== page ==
The climate is changing faster than expected. Greenhouse gases, such as carbon dioxide and methane, are the culprits. The burning of fossil fuels for homes, industry, and transportation releases almost 10,000 million metric tons of carbon dioxide into the atmosphere every year. 1
Carbon dioxide is changing not only our climate, but also the chemistry of the ocean. About 30% of the carbon dioxide we release into the atmosphere is absorbed by the ocean. 2 In marine water, carbon dioxide decreases pH and increases acidity through a process known as ocean acidification.
Excess nitrogen from sewage treatment plants, polluted stormwater, and fertilizers, is also adding carbon dioxide into nearshore waters through a process known as coastal acidification. 3
Nitrogen can fertilize massive algal growth in our waters. When the algal blooms die, decomposition depletes the area of life-giving oxygen and releases carbon dioxide, acidifying the water.
The impacts of climate change are evident right here in Casco Bay
Friends of Casco Bay has been tracking water temperatures for over 25 years. On average, our data show a 2.5° F increase in water temperatures since 1993.
Sea Level Rise
As water warms, it expands, and the sea encroaches on our coastline. Coastal observers and property owners are reporting an increase in erosion.
Maine has seen a six-inch average increase in annual precipitation since 1895, further threatening coastal properties. 4
Threats to the Ocean Food Web
More carbon dioxide in our waters means there is less shell-building material (calcium carbonate) for clams, mussels and oysters, as well as for tiny critters at the base of the ocean food chain. The saturation state of calcium carbonate is a key measurement of shell-building material for many organisms. Shell formation becomes more difficult when the amount of available calcium carbonate falls below a 1.5 saturation state. 5 Our recent data indicate that for nearly half the year, levels of calcium carbonate in Casco Bay are not sufficient for shell-building.
What do these changes mean for Casco Bay?
As marine waters become more acidic, we can anticipate more pitting or dissolution of the shells of many commercially viable species in Casco Bay.
Rising water temperatures are linked with shell disease, directly impacting our lobster fishery and tourism industries.
Climate change is bad news for clams because green crabs — which eat juvenile shellfish — thrive in warming waters. 6
The distribution and populations of marine species in the Gulf of Maine are shifting. Scientists and lobstermen are documenting the shift in distribution of Maine’s iconic lobsters north and east.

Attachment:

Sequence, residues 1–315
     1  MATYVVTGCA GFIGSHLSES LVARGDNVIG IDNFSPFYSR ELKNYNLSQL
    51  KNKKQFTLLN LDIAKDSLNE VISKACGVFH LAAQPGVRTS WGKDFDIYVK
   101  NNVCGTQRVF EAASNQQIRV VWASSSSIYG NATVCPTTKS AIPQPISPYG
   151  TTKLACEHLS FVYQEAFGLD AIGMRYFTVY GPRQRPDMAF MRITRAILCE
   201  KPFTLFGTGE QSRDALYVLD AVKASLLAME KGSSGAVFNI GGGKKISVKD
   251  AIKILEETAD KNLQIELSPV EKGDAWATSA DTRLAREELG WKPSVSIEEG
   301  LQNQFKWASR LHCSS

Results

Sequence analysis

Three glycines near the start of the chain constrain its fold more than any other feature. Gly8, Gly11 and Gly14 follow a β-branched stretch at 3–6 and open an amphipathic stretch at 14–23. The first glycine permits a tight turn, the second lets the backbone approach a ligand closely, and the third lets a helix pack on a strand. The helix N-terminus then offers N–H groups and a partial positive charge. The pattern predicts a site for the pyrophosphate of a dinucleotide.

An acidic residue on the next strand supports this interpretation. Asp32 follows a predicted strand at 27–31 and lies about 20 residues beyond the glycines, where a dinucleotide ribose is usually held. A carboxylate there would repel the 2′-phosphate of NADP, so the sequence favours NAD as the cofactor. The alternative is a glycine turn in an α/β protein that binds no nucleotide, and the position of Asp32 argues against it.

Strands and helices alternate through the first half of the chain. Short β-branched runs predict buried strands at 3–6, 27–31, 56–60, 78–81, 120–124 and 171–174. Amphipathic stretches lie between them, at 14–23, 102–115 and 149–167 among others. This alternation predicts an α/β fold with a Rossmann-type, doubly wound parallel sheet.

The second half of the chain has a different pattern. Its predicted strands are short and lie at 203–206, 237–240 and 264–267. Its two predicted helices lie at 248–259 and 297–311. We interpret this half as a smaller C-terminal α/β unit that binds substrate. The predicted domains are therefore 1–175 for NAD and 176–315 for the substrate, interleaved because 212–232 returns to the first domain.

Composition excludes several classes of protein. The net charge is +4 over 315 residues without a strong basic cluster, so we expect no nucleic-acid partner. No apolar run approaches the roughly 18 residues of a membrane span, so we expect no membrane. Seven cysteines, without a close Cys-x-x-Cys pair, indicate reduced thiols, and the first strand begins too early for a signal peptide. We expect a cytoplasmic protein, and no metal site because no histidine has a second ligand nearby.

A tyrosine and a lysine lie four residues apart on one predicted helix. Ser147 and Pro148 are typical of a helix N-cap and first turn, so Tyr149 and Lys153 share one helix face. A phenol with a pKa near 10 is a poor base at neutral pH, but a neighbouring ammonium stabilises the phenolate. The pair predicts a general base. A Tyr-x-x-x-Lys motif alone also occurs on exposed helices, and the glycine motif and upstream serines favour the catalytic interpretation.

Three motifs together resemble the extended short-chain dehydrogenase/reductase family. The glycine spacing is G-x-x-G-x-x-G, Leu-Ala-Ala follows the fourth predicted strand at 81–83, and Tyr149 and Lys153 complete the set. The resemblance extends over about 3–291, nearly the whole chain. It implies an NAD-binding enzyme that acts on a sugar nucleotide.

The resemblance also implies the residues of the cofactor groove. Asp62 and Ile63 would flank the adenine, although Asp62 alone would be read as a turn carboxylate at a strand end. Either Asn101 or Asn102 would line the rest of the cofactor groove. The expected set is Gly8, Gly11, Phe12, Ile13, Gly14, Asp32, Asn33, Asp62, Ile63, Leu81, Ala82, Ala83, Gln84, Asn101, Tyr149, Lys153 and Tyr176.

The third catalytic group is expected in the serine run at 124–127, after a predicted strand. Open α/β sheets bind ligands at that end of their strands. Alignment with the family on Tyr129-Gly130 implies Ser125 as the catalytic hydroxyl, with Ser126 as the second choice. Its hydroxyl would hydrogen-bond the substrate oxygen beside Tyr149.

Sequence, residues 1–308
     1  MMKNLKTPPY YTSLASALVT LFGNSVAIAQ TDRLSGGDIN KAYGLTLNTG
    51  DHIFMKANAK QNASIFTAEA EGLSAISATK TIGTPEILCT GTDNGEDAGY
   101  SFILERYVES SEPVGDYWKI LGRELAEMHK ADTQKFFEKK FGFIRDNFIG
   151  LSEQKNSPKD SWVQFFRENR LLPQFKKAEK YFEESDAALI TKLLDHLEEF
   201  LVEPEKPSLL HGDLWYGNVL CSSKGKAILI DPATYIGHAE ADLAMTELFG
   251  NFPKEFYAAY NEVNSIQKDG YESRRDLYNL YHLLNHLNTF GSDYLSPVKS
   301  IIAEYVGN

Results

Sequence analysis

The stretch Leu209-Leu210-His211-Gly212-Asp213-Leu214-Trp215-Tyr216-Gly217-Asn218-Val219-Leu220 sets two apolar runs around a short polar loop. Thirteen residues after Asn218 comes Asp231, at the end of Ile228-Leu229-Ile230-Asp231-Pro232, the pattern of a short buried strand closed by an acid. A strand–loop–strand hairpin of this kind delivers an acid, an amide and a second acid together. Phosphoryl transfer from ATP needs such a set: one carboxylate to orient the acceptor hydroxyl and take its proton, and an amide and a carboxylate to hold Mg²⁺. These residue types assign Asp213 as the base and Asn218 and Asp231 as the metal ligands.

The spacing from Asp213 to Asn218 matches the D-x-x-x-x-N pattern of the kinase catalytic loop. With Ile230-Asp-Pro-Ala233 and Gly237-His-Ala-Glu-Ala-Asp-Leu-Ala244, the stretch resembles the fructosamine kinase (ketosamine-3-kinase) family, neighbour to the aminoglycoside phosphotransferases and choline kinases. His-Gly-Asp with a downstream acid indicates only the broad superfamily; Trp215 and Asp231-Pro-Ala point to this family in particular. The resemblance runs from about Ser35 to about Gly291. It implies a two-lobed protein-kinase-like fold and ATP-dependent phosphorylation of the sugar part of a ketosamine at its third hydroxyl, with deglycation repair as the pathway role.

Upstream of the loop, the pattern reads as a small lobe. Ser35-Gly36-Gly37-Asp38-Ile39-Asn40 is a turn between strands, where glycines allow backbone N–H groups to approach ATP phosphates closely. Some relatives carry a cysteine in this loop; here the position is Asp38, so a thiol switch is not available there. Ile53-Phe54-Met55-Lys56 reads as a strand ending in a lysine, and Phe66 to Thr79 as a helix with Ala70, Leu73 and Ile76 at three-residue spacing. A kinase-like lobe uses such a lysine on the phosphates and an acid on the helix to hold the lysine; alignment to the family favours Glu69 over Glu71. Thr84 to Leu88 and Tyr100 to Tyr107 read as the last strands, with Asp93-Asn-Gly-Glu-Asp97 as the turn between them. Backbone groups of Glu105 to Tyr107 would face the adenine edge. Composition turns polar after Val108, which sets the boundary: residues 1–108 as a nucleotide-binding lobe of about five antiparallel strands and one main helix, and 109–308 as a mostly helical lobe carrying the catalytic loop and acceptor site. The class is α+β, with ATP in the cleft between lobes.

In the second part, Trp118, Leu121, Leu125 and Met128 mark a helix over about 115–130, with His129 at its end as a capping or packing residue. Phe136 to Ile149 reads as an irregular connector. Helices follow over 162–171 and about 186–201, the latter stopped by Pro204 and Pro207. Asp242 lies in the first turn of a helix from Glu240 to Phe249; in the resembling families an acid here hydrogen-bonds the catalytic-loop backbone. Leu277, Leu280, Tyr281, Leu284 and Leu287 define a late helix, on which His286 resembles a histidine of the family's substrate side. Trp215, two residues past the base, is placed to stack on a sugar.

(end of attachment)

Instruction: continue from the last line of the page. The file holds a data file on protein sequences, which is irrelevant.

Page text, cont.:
Copepods are tiny crustaceans that are the main food source for juvenile lobsters. In laboratory experiments, copepods raised in conditions that simulate the climate changes occurring in the Gulf of Maine were less fatty. With a less healthful diet, young lobsters must divert energy from growth and resisting disease to finding enough food to survive. 7
What is Friends of Casco Bay doing?
We helped form the Maine Ocean and Coastal Acidification Partnership (MOCA) to coordinate climate change research and policy change work. MOCA is a diverse coalition of researchers, policy experts, lawmakers, aquaculturalists, and seafood harvesters. We are working to create an action plan for Maine to protect the health of our coastal waters.
LD 1284 has been selected by the Environmental Priorities Coalition, a group of 34 environmental organizations, as one of its five priority bills to address climate change in Maine.
Our Water Reporter volunteers are recording observations of how the Bay is changing. These observations strengthen our advocacy efforts as these reports are shared with regulators, legislators, and other decision makers, alerting them to conditions in the Bay.
What can you do?
Tell your legislators to support LD 1284 to create a science and policy advisory council to address the impacts of climate change on Maine’s marine species.
Casco Bay, like ocean waters around the world, is changing and changing quickly. We are evolving our water quality monitoring to stay on top of the science of how the Bay may be changing.
At our Volunteer Appreciation Celebration this week [click here for photos!], we announced that we are launching two pilot projects that will enable our volunteer citizen scientists to use new technologies to increase our knowledge of the changing conditions around Casco Bay.
We rely on people all around the Bay to relay to us changes they are observing. Our new initiatives are designed to engage more volunteer citizen scientists in collecting data and sharing their observations of a changing Casco Bay.
Initiative #1: Measuring the Color and Clarity of Casco Bay